Human carbonic anhydrase (HCA) II is a very efficient enzyme. It has been studied extensively as a prototype in biophysics, biochemistry, inhibitor design, and medicinal chemistry. It has a high thermal stability and helps to maintain the pH balance in our body. HCA II catalyzes the reversible hydration of carbon dioxide and contains a stable, tetrahedrally coordinated catalytic zinc site (pictured).
Tanmoy K. Paul and Srabani Taraphder, Indian Institute of Technology, Kharagpur, have studied how changes in the coordination number of the zinc ion affect the rate-determining step in HCA II. This reaction step involves a proton transfer between a zinc-bound water and a histidine (His) residue in the enzyme. The team used molecular dynamics (MD) and transition path sampling simulations to study the effects of the zinc ion’s coordination environment, starting from a high-resolution crystal structure.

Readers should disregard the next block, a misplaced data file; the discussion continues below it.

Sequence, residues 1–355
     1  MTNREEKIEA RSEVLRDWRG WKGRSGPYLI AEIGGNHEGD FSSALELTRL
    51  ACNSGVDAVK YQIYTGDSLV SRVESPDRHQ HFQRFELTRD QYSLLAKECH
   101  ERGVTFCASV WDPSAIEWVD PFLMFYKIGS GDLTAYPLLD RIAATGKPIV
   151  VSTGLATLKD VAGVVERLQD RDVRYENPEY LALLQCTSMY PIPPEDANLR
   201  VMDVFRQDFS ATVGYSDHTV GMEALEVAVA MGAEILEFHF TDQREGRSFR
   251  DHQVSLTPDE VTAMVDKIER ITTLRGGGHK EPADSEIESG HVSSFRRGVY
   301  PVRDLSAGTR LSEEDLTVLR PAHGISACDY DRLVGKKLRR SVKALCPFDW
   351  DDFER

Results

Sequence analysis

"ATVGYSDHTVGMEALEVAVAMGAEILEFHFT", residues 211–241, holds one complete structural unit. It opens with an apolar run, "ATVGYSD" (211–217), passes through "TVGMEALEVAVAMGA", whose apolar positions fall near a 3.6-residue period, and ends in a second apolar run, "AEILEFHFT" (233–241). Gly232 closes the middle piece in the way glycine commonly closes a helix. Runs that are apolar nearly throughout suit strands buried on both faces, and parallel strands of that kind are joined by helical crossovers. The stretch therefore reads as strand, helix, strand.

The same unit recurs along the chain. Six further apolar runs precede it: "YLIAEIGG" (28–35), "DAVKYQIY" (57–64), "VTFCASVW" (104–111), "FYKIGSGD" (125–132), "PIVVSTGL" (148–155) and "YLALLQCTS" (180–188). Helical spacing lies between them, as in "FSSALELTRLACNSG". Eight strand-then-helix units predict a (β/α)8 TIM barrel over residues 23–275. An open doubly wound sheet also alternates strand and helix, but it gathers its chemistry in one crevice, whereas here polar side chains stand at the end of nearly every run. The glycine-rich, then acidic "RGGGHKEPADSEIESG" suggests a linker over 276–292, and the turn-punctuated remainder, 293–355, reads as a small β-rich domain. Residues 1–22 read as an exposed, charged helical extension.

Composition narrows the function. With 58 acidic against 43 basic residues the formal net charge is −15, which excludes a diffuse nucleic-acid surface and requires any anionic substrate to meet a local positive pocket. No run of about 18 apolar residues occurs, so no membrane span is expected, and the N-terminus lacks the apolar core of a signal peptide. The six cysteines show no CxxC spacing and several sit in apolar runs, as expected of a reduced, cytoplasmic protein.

The researchers found that in addition to the stable tetrahedral state, there is a less stable, pentacoordinated, trigonal bipyramidal state, in which an extra water molecule transiently binds to the tetracoordinated zinc ion at the active site of HCA II. The deprotonation of a zinc-bound water molecule preferentially takes place from this transient penta‐coordinated state of zinc. It then sets in motion an intramolecular proton transfer via other water molecules to the His‐64 sidechain, which points inward to the active site (pictured). The rare constant estimated on this basis matches the experimental value, which suggests that dynamic Zn coordination triggers the rate-determining proton-transfer step in HCA II.
- Coordination Dynamics of Zinc Triggers the Rate Determining Proton Transfer in Human Carbonic Anhydrase II,
Tanmoy Kumar Paul, Srabani Taraphder,